The Crown star Tobias Menzies has spoken of the “dignity and patience” of the Duke of Edinburgh.

The Outlander actor played Philip in two series of the lavish Netflix drama, opposite Olivia Colman as the Queen.

Menzies, who took over the role from Doctor Who star Matt Smith for the third and fourth series of the show, watched hours of interview footage to prepare for the part.

Speaking to the Guardian’s Today In Focus podcast, he said: “There’s a lot of different forces at play within him.

“He was someone who was very wary to show his feelings and yet, atmospherically, he’s not a cool presence, he’s quite hot … He’s abrasive.

“He’s challenging. He’s funny. But there’s an energy about it: it’s not calm, it’s not gentle. And those things seem to be kind of warring inside him.

“So, actually, for someone who doesn’t want to give much away, he often feels like he is giving quite a lot of way.”

Tobias Menzies as Philip with Olivia Colman as the Queen (Netflix)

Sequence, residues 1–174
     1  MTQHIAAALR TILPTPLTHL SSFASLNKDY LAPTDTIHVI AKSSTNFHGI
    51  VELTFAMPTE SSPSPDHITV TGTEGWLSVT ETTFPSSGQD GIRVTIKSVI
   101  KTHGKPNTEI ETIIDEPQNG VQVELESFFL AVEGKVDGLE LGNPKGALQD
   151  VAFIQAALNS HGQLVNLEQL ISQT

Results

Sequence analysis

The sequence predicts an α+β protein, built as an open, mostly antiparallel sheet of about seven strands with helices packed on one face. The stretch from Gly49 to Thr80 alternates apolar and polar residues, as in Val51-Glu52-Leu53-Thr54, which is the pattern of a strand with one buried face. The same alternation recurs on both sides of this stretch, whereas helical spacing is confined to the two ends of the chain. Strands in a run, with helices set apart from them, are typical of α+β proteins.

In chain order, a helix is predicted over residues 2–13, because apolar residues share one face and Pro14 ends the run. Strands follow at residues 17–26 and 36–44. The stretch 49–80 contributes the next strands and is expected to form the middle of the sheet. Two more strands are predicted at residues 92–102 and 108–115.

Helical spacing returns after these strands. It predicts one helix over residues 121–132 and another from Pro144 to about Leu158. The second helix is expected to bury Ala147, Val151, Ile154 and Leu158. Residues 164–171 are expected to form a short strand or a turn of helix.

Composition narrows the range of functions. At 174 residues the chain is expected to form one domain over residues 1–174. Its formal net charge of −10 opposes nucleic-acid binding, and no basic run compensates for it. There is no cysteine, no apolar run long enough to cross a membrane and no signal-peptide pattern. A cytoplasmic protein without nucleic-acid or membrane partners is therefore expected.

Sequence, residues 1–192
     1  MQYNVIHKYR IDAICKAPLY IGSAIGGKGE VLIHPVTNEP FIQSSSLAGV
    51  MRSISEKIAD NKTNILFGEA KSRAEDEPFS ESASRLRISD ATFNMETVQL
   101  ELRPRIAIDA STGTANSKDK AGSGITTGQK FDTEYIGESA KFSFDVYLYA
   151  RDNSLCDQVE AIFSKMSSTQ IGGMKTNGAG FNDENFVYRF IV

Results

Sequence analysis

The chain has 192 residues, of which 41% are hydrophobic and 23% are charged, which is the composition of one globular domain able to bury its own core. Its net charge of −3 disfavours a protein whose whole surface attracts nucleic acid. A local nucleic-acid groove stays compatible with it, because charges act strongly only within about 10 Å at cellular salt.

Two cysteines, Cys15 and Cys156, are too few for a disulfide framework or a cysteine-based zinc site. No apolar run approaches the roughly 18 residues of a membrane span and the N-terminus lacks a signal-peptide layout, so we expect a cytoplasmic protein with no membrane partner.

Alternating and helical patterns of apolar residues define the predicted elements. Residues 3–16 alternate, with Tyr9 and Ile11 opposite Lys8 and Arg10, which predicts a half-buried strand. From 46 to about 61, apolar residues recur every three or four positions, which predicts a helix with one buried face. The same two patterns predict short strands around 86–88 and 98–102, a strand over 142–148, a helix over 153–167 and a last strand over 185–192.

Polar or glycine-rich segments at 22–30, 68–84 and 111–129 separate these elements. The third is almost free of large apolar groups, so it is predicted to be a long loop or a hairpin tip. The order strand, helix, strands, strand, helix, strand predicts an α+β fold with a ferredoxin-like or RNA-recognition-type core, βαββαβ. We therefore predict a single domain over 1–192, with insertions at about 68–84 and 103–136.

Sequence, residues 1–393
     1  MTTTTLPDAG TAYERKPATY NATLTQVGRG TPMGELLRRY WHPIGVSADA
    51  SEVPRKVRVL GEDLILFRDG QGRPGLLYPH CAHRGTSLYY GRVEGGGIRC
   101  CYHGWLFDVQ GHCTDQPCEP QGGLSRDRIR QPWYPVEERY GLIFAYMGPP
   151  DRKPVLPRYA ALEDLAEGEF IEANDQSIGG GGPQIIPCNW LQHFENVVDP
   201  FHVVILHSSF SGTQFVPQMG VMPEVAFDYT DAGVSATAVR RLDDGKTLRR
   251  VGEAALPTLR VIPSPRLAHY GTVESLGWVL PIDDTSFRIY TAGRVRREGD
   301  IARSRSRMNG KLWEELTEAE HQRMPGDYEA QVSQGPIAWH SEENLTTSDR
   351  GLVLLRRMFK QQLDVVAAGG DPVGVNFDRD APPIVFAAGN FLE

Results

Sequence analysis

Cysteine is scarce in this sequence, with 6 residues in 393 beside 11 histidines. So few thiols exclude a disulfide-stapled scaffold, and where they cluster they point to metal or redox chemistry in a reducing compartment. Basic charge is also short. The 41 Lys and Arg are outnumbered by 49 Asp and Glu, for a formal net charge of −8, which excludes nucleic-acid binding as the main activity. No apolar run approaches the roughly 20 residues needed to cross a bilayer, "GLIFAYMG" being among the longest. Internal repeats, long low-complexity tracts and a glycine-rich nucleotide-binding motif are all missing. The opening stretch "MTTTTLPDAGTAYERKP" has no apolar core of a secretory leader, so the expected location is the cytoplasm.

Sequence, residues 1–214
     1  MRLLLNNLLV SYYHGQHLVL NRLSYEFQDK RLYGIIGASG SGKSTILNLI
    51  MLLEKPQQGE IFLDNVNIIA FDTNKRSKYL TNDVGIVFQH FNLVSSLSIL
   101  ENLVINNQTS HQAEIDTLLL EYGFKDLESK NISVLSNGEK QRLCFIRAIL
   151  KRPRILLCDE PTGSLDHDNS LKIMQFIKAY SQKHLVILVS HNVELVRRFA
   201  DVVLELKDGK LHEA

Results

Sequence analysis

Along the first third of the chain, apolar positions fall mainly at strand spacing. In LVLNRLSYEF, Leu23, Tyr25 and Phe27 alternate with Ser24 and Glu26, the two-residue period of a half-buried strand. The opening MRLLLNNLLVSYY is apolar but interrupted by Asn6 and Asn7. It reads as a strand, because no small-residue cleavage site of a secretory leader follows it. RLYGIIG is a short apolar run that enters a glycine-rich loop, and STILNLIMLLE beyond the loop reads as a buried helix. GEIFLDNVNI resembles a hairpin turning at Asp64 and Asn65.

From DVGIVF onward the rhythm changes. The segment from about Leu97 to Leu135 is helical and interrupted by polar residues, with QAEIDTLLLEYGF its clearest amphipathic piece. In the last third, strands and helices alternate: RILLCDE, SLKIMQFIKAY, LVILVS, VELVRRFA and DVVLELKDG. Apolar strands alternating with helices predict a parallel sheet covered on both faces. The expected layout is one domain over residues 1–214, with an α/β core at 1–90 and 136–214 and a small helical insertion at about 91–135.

He added: “For someone who clearly was not comfortable with [the role], he managed to do it with quite a high degree of dignity and patience.

“The idea of this alpha male spending his life walking two or three steps behind his wife … to be in an almost entirely ceremonial position, it’s fascinating.

“It’s the stuff of Greek drama. [It] is to his credit, the effect he’s had on that institution, on that family.

“He took that completely non-role incredibly seriously, applied a huge amount of energy and inventiveness, and created a life for himself with great ingenuity and great energy.

“I think the institution itself benefited from that … he was partly involved in the transition from an aristocratic family to one that was marked by largely middle-class values.

“He helped to open it up and, to a certain degree, demystify a lot of the stuff that was going on, and modernise it.”

After Philip’s death at 99 on April 9, Menzies quoted Orlando from Shakespeare’s As You Like It.

He wrote on Twitter: “If I know anything about the Duke of Edinburgh I’m fairly sure he wouldn’t want an actor who portrayed him on TV giving their opinion on his life, so I’ll leave it to Shakespeare. ‘O good old man! how well in thee appears The constant service of the antique world…’ RIP.”

Smith, who played the part for series one and two, also offered his own tribute, saying: “Prince Philip was the man. And he knew it. 99 and out, but what an innings. And what style.

“Thank you for your service old chap – it won’t be the same without you.”